There are three approaches to calculating moral damages. These are the conceptual, personal and functional approach. These three approaches have been discussed in Quebec (Public Curator) v Syndicat National des employes de l’hopital St-Ferdinand,  CanLII 172 paragraphs 72 to 80:
‘(3) Method of Calculating Moral Damages
72. In calculating compensation, moral prejudice may be addressed in three different manners which, as we shall see, are much more often complementary than opposite: see A. I. Ogus, "Damages for Lost Amenities: for a Foot, a Feeling or a Function?" (1972), 35 Modern L. Rev. 1; and A. Wéry, "L’évaluation judiciaire des dommages non pécuniaires résultant de blessures corporelles: du pragmatisme de l’arbitraire?",  R.R.A. 355. These are the conceptual, personal and functional approaches, which we shall examine briefly in turn.
73. The so called conceptual approach considers the components of a human being to have purely objective value, which is expressed in a specific monetary amount. The major disadvantage of this extremely simple method is that it fails to take into account the victim’s specific situation. It has been criticized as being an “unsubtle” solution: Andrews v. Grand & Toy Alberta Ltd., supra, at p. 261.
74. I would note, however, that in practice, French law has applied this method of evaluation for a very long time: see Y. Chartier, La réparation du préjudice dans la responsabilité civile (1983), at p. 683; G. Viney, L’indemnisation des victimes d’accidents de la circulation (1992), at pp. 120 21; and M. Le Roy, L’évaluation du préjudice corporel (12th ed. 1993), at p. 67. In Quebec, moreover, there are abundant examples in the case law where the courts have implicitly used the conceptual approach to calculate the amount of moral damages: see, inter alia, Dugal v. Procureur général du Québec,  C.S. 617, rev’d in part J.E. 82 1169 (C.A.) (amount reduced owing to a change in circumstances); Bouliane v. Commission scolaire de Charlesbourg,  C.S. 323, aff’d 1987 CanLII 705 (QC C.A.),  R.J.Q. 1490 (C.A.) for moral damages; and Canuel v. Sauvageau,  R.R.A. 18 (C.A.).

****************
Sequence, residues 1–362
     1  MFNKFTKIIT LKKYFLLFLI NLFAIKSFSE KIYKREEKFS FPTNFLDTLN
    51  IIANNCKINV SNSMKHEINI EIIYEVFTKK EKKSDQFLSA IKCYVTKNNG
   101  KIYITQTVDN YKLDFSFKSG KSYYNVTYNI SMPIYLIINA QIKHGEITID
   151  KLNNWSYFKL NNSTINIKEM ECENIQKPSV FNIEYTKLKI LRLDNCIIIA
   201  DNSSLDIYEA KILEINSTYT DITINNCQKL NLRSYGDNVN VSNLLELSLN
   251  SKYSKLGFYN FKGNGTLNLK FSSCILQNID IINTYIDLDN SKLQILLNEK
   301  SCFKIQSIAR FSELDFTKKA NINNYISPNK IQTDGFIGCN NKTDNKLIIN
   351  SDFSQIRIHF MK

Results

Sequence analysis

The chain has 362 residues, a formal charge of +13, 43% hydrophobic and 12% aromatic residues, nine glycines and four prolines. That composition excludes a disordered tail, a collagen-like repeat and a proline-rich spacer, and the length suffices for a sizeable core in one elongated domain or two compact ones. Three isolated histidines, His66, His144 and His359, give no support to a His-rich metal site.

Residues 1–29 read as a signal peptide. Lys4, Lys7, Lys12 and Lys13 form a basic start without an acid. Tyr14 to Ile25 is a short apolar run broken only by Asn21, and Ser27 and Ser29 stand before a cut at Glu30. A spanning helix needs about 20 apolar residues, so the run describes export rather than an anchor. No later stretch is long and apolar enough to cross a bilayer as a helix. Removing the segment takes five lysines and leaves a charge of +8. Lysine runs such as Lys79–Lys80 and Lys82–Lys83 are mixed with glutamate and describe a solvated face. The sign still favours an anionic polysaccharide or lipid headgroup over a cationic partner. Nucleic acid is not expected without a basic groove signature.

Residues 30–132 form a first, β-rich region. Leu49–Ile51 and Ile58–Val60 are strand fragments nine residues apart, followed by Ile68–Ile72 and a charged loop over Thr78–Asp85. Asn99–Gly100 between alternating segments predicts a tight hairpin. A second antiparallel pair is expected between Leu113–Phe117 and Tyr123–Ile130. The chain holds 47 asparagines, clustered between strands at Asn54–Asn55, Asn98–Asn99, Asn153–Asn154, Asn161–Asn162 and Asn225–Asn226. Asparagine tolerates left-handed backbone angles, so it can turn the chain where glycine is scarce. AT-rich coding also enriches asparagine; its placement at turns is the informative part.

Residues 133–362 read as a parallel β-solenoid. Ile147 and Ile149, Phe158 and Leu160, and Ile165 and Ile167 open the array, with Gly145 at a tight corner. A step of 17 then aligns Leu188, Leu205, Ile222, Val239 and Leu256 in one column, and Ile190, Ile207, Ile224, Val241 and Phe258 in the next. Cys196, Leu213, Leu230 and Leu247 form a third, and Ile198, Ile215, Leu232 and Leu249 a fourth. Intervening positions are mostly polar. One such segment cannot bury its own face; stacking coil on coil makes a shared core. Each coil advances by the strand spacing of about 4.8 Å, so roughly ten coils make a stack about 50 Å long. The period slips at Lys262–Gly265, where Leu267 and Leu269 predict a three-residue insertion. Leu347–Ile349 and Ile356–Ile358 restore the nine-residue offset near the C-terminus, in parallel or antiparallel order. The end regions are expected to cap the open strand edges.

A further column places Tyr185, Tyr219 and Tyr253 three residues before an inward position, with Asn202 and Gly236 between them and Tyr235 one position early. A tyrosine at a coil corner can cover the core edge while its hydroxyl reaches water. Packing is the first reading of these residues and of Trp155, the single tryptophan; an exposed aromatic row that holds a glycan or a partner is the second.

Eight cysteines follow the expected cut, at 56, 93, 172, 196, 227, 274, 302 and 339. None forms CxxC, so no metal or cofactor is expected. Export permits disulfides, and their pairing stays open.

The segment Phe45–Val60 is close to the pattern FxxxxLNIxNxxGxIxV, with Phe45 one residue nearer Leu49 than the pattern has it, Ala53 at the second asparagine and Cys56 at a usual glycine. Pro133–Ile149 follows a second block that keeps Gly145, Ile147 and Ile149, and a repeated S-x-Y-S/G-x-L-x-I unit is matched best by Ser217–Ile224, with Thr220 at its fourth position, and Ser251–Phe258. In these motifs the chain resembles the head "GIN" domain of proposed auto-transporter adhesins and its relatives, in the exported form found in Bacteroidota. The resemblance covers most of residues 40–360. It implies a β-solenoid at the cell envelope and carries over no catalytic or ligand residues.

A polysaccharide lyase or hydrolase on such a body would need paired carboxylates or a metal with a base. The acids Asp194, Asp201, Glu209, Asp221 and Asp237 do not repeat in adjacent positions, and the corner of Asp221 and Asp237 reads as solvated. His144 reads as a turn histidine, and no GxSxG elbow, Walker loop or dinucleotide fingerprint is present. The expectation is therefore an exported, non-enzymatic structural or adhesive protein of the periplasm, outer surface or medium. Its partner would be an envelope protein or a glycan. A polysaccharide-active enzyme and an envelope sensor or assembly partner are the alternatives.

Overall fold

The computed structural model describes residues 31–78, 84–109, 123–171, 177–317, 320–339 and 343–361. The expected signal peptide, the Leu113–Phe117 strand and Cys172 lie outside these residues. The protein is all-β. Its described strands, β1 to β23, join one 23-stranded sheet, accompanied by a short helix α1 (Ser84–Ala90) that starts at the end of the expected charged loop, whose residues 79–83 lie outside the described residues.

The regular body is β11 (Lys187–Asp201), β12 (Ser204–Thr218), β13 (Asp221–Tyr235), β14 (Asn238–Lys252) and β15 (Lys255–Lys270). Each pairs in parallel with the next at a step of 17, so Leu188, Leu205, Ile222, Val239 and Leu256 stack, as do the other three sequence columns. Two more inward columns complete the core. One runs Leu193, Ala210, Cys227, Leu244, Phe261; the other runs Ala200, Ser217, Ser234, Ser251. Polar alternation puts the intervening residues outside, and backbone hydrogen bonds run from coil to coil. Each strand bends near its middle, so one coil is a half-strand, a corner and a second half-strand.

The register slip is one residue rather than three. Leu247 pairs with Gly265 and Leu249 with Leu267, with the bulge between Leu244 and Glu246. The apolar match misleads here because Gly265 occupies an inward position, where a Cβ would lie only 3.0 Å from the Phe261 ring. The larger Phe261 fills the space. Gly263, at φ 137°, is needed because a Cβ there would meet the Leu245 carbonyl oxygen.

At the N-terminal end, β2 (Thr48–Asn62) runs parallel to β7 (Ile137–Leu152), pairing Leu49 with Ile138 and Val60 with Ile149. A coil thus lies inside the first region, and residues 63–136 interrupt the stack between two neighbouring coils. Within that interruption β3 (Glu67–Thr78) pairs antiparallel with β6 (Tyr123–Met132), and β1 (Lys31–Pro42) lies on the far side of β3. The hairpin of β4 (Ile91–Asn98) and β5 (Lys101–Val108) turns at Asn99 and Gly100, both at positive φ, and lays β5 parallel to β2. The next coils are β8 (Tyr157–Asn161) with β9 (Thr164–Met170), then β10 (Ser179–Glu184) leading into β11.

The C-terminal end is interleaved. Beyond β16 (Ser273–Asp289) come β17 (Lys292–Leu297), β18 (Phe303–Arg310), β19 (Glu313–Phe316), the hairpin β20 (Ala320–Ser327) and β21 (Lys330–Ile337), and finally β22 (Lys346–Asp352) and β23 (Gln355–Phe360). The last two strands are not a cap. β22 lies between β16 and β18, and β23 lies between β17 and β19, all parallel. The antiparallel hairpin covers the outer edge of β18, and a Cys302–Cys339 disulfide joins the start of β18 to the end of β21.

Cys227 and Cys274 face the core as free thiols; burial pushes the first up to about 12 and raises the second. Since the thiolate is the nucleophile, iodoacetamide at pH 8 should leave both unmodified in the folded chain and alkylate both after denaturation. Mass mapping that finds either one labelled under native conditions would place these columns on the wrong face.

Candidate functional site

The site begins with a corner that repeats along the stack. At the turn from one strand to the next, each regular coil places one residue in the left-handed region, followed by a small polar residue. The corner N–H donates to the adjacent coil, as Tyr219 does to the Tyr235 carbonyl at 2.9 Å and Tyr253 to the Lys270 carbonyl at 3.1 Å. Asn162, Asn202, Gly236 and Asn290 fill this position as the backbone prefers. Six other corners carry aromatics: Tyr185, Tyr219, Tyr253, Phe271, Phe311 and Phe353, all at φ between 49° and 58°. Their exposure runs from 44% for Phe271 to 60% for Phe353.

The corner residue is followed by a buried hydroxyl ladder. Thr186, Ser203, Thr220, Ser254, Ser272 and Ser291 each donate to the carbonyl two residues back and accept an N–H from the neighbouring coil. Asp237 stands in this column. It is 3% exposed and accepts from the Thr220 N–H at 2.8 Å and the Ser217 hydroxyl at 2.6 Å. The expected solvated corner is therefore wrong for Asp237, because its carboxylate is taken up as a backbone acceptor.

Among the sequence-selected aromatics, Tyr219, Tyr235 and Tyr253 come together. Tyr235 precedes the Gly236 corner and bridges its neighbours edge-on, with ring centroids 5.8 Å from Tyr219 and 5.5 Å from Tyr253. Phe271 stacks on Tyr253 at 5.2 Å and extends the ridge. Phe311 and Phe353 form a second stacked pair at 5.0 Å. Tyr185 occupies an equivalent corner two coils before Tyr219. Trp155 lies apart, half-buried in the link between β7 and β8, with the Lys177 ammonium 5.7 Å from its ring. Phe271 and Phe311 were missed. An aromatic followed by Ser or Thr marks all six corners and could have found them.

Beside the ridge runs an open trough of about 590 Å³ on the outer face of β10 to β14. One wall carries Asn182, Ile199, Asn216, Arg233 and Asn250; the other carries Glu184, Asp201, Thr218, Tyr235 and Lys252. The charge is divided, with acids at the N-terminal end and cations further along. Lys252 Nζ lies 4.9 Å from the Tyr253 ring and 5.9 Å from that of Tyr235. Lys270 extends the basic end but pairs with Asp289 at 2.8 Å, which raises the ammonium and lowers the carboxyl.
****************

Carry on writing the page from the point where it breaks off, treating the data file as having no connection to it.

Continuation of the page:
75. Secondly, at the opposite end of the spectrum from the conceptual approach, the personal approach to calculating moral damages makes it possible to determine the compensation that corresponds specifically to the loss suffered by the victim. As Wéry wrote, supra, at p. 357, this approach [translation] "assigns no objective value to the organs of the human body but rather seeks to evaluate, from a subjective point of view, the pain and inconvenience resulting from the injuries suffered by the victim".
76. The personal approach, which thus declines to standardize the calculation of moral prejudice, is not preferred in Quebec case law when the moral prejudice is serious and calls for payment of the largest possible amount of moral damages. It nonetheless seems to be relevant in the case of an average or low degree of prejudice: see Gingras v. Robin, J.E. 84 765 (Sup. Ct.); Bolduc v. Lessard,  R.R.A. 350 (Sup. Ct.); and Drolet v. Parenteau, reflex,  R.J.Q. 2956 (Sup. Ct.), aff’d 1994 CanLII 5444 (QC C.A.),  R.J.Q. 689 (C.A.). There is then a separate evaluation of the various components of the moral prejudice, which is an indication that the personal approach is being applied.